clock menu more-arrow no yes

Filed under:

DRUG SMUGGLERS FIND RADAR GAP OVER ARIZONA

A radar gap created to avoid interference with telescopes at the Kitt Peak observatory in southern Arizona reportedly helps drug smugglers avert detection in their flights across the U.S.-Mexico border.

The Arizona Republic on Friday quoted a former smuggler as saying the gap west of Kitt Peak, known as Gringo Pass, has been used for years to fly in cocaine from Mexico.By flying low and hiding behind the Baboquivari Mountains, which extend north from the Mexican border to Kitt Peak, smuggler pilots claim they are able to take advantage of the blanked-out radar to gain extra protection against an aerostat radar blimp at Fort Huachuca in Sierra Vista, the Republic said.

The pilots told the newspaper that by the time they get past Kitt Peak and land at small dirt strips in southern Arizona, it's too late for U.S. Customs aircraft to chase them.

The Mexican border is 32 miles south of Kitt Peak.

Customs officials and astronomers at Kitt Peak reached an agreement in September 1987 that calls for operators to turn the radar off when the aerostat sweeps the observatory because the radar occasionally "bleeds" over into the observatory's instruments.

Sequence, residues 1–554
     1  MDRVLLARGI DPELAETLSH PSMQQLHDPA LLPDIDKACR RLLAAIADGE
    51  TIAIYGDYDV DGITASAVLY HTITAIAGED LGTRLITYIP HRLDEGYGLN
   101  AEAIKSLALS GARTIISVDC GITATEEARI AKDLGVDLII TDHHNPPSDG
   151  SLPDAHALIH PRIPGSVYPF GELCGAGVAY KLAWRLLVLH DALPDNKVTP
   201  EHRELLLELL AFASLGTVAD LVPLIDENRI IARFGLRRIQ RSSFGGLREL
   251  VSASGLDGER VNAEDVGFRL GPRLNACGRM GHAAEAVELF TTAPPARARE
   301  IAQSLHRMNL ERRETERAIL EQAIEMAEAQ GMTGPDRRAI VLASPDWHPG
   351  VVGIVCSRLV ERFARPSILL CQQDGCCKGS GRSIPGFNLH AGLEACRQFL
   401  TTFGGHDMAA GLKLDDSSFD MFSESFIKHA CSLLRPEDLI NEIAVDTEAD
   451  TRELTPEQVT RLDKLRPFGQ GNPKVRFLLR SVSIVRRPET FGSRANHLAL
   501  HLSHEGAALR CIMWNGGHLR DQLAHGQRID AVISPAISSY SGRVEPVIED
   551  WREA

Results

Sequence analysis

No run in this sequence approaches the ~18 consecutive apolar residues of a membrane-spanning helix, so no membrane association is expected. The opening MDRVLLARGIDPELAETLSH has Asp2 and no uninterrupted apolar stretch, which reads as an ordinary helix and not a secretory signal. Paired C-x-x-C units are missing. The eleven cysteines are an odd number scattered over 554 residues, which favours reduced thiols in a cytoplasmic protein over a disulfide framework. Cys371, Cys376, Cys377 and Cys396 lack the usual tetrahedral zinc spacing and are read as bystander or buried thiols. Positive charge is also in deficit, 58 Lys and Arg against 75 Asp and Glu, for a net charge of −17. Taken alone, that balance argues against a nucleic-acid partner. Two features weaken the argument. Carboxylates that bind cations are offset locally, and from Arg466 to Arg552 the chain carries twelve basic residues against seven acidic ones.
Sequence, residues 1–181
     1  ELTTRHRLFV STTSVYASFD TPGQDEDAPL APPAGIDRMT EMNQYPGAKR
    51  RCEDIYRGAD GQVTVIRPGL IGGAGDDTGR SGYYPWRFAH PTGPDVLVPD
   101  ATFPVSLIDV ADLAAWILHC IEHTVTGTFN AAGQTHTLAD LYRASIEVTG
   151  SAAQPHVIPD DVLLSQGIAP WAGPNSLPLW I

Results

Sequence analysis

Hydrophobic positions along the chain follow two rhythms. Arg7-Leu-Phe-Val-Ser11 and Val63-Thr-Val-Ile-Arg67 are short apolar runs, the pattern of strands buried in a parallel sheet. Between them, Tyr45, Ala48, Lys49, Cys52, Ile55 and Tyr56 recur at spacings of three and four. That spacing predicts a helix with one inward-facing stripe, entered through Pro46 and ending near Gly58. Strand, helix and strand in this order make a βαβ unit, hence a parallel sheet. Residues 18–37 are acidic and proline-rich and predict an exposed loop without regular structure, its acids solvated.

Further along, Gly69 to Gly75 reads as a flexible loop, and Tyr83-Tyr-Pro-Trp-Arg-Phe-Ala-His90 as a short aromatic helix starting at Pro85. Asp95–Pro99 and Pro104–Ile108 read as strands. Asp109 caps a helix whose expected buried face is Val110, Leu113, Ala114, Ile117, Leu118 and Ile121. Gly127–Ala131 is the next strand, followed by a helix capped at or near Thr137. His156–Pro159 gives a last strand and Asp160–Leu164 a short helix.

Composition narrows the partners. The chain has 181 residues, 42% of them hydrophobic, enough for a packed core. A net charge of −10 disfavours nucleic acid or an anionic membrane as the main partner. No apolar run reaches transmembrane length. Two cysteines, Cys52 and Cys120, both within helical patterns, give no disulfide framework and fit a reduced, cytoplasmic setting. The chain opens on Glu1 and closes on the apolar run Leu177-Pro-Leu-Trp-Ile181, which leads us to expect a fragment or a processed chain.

When operators are tracking a suspected drug smuggler, however, the agreement allows for Customs officials to stop blocking out the radar.

Sources told the Republic that radar blanking for Kitt Peak has never been suspended in the four years the blimp has been in operation at Fort Huachuca.

A former smuggler not identified by the Republic said he has flown Gringo Pass 100 times in the past 20 years and the radar blanking "is common knowledge among smugglers."

"I don't consider the aerostat to be much of a factor in stopping me," the former smuggler was quoted as saying.

To prove a point, the former smuggler flew a Republic reporter from Mexico through Gringo Pass and up to Kitt Peak two weeks ago, the newspaper said.

The aircraft flew at about 200 feet above the desert, using the Baboquivari Mountains for additional protection against any radar surveillance on an 18-minute flight from the Mexican border to a strip near Avra Valley.